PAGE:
What documentation do I need to obtain a Short Certificate?

Q: Both of my parents have recently passed. first my mother, then my father within an eleven-day span. I am the executor of the will and want to proceed in filing out whatever forms need to be filed and to carry out the will. I just need to know exactly what information to take to the courts to obtain the short certificate and be named legal executor. The only assets that my parents have left is a bank account with about $3000 in it as they were both in an assisted living facility before there death. (Pittsburgh, PA)

A: If there is only one asset as you mention, and it is in your parent’s name, you will not have to open an estate. Per statute, the bank can release less than $10,000.00 to certain next of kin if a paid funeral receipt is produced. There will be inheritance tax owed. Also, you need to be aware that if your parents received Medicaid, this money may not be free and clear to disburse. If this matter is a simple as you state, an attorney can assist you in getting the money and prepare an inheritance tax for you at a modest fee.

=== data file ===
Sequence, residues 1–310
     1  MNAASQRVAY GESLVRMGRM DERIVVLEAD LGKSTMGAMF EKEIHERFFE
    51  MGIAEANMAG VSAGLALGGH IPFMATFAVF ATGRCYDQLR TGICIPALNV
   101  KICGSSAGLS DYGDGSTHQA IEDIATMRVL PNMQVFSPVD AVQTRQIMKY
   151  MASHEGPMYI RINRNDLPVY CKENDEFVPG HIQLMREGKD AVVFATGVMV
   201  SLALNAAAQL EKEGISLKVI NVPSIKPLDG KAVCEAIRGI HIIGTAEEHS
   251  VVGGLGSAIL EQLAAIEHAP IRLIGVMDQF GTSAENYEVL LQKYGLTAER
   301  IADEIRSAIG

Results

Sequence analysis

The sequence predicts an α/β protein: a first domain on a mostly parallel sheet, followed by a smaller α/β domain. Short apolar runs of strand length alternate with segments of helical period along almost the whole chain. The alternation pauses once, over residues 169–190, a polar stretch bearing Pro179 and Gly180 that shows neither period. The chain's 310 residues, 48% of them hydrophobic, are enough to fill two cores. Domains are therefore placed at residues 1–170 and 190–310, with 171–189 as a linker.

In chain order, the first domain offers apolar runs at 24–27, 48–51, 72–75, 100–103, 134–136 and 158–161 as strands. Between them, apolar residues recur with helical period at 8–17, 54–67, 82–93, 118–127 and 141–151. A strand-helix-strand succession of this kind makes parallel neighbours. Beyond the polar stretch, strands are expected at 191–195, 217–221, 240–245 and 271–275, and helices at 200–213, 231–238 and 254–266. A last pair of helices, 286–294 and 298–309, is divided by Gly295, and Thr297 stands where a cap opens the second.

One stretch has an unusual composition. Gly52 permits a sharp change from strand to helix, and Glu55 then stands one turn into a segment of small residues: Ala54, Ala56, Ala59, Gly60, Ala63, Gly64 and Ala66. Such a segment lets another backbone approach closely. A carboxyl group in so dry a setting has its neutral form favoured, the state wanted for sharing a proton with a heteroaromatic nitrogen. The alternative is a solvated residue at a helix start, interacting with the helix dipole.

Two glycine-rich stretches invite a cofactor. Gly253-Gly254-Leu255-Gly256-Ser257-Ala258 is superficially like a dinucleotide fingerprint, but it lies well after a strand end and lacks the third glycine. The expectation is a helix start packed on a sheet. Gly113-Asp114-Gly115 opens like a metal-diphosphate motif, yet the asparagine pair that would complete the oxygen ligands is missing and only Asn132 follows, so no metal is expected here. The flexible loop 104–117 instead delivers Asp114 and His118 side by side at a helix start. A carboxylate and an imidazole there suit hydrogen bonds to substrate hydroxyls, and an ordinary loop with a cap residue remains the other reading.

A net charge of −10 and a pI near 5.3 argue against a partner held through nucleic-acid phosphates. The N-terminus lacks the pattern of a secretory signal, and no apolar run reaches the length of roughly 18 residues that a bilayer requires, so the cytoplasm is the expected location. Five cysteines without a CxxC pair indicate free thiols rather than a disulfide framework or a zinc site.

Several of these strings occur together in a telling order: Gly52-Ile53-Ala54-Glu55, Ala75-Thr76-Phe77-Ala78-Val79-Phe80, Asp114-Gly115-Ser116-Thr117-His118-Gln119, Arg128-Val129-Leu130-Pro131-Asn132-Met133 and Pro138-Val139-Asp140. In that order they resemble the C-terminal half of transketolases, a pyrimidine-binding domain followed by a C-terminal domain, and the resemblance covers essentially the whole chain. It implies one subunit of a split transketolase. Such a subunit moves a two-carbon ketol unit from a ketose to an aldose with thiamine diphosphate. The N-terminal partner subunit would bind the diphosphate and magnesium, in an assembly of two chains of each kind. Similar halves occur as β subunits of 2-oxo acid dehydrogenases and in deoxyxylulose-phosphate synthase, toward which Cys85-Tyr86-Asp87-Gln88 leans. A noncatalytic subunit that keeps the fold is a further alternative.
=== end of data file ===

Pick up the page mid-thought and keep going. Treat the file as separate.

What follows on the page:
What are the inheritance laws if parents give house to child under 18?

Q: My mom is trying to buy a house soon. She wants to hand down the house to me and my brother in the event something happens to her. Since I’m 26 and he’s under 18, how does inheritance tax and exemptions work? If he were to be still under 18 in that event, would he legally be able to accept it? (Pittsburgh, PA)